But it goes deeper than all that...

I'm having a hard time putting this into words...

Before Korea, I didn't have time to think about who I was because I was too busy thinking about what I was doing. Life was overwhelming. Work, school, church, babies, cooking, cleaning, driving... I swear I spent half my life in the car.

But when I went to Korea, and after the initial culture shock wore off, I realized that I really like who I am. I got to think - free of any of the things that had previously identified me. My job, my cooking skills, my unique (read: odd)fashion sense - all of those things were gone. It was just me, in my quiet home.

But now I'm back. And life is busy again. Job, church, grocery store, hair cut, car wash, bank, pediatrician, preschool... and in the midst of this hubbub, I find myself struggling to find a footing.

So where does the face wash aisle at CVS come in?

I have a $1 coupon for one - rather pricey - brand of face wash. I may or may not have mentioned that I LUH-HUV me some Korean face wash, and the last itty-bitty bit of my very last bottle ran out... two weeks ago. (Shampoo is a poor substitute.) So I'm standing in the aisle debating over whether I should get the brand for which I have a coupon or get cheaper, less appealing brand sitting next to it. (Just so we're in the same ballgame here, I'm talking about a price difference of about $2.) Seriously, y'all, I stood in that aisle, like, 10 minutes. Then I put it down and walked around. Then I came back and picked it up.


And as I'm sitting there debating over this $2-more-expensive face wash, I heard a clear question in my mind: "Does this product fit into who you want to be?" And the answer surprised me: yes.

When I was using the Korean face wash, which gave me silky-smooth skin and small pores, I felt beautiful. I felt confident. And though (I'm sure) no one else in the world could tell a difference, I knew - I felt - that I was beautiful.

Good face wash... makes me a better person.

And with that rather unsettling fact floating around in my head, I have realized something that I have somehow missed up to this point.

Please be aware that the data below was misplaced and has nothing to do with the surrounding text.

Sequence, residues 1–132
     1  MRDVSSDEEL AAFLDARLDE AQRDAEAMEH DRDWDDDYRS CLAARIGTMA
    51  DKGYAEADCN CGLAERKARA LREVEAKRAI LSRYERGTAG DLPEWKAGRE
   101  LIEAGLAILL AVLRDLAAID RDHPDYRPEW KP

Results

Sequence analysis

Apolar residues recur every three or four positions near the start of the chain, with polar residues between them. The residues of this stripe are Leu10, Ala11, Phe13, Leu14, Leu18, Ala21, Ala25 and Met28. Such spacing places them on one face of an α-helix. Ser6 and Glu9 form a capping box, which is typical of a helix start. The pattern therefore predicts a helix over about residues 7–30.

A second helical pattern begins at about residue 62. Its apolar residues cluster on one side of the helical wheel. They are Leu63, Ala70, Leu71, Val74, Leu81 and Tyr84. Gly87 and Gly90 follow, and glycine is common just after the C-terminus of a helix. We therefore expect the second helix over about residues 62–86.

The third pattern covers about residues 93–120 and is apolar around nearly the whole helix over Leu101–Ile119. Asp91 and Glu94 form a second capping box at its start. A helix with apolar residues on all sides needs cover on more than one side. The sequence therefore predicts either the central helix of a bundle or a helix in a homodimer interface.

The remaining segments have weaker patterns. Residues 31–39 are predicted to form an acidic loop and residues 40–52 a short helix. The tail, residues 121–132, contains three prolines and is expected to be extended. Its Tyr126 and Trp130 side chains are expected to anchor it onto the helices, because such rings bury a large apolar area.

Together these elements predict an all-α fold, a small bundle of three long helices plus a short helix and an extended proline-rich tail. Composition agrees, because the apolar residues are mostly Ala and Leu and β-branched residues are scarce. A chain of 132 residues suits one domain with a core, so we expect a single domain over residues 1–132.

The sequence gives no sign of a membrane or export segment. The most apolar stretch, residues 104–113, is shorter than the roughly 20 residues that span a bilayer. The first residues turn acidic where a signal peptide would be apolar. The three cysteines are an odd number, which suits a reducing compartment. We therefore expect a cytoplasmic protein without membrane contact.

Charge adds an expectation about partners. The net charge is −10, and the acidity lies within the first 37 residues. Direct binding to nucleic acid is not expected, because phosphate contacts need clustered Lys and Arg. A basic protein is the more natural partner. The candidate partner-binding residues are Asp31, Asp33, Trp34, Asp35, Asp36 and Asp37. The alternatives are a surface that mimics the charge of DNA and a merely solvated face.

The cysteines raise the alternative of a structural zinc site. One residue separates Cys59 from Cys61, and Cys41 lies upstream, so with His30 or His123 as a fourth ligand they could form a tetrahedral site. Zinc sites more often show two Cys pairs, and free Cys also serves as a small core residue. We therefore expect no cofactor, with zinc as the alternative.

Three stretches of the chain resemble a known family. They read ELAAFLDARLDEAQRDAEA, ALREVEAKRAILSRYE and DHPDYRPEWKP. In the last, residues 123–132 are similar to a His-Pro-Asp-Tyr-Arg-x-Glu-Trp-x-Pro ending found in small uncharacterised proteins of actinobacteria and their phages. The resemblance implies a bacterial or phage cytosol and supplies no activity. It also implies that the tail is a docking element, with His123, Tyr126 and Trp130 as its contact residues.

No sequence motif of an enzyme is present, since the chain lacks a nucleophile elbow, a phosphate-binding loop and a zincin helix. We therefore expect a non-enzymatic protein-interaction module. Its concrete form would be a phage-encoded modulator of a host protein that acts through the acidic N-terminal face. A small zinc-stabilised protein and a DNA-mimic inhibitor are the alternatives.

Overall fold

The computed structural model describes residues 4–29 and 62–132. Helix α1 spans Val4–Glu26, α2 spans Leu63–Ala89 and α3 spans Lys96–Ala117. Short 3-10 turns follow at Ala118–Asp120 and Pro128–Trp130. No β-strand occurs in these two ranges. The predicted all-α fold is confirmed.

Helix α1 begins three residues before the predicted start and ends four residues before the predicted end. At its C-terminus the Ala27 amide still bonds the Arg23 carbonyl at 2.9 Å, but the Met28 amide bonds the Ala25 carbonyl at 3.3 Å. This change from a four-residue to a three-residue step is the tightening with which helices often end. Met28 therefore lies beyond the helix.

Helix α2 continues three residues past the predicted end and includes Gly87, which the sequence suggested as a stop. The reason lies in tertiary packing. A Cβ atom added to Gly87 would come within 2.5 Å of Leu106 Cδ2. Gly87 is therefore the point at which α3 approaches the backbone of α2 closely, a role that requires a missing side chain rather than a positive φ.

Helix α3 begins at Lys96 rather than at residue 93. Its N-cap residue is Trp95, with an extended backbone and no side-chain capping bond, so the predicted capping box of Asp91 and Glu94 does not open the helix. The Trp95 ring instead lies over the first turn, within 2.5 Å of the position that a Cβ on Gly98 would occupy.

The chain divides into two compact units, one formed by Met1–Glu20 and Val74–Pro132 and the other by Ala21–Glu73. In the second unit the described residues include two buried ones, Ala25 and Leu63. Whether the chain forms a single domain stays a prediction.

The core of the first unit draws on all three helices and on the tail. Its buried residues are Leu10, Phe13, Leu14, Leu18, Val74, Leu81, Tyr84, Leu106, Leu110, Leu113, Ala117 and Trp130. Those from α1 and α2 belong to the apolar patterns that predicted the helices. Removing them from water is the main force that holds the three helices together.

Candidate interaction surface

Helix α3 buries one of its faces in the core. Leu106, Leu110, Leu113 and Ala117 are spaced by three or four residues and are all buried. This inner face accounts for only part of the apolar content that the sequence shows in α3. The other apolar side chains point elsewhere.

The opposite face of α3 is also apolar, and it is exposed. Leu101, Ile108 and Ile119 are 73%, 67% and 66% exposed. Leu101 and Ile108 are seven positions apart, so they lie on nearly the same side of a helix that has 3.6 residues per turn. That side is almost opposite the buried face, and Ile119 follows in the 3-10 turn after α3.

Last year, the year of the reset button, we were handed a fairly blank slate in life. Most of the mistakes we have made - especially in the area of priorities - were completely wiped away. And as we took our first steps on American soil, we were walking into a new life. Praise God!

But here's the thing about blank slates... they can become whatever you want them to be. They can be beautiful or ugly. Brite or dark. They can be a unique masterpiece... or they can look exactly like another one you've seen (or lived) before.

And as weird as it sounds, I feel like the question that was posed to me in the face wash aisle of the new CVS is one that the Lord has given me regarding every single area of this new life He has given us.

Does this decision... this action... this hobby... this purchase... this attitude... this bite of food... fit into who I want to be?

But more importantly... does it fit into who I AM in HIM?

These are questions I plan to ask myself a lot more often.

Thank you, Lord, for crumbling my city, and thank you for rebuilding my walls.

Saturday, January 30, 2010

Day 3... mindless rambling...

So today was a pretty laid-back Saturday. Cleaning house, watching TV, cuddling with my family... but in the midst of all this, several thoughts popped into my head of which I thought, "Hm... I should blog about that."

But, as it is after 10pm and my night-time hormone meds are kickin' in, I can't seem to make any single thought, in and of itself, a complete post.

Hence, your friend and mine, the list format:

1. I think about food A LOT, and I find myself thinking of some yummy (read: fattening) dish and saying to myself, "After this three months is up, I am TOTALLY going to eat that." But today, I realized something: those fattening dishes are part of the reason I am in this mess today. Sure my hormone issues caused my body to store more fat than it should, but I was the one who put that fat in there in the first place. I need to start thinking of this change as a life-long change. Obviously, I can't eat 600 calories a day for the rest of my life, but I can start thinking of food differently... and permanently.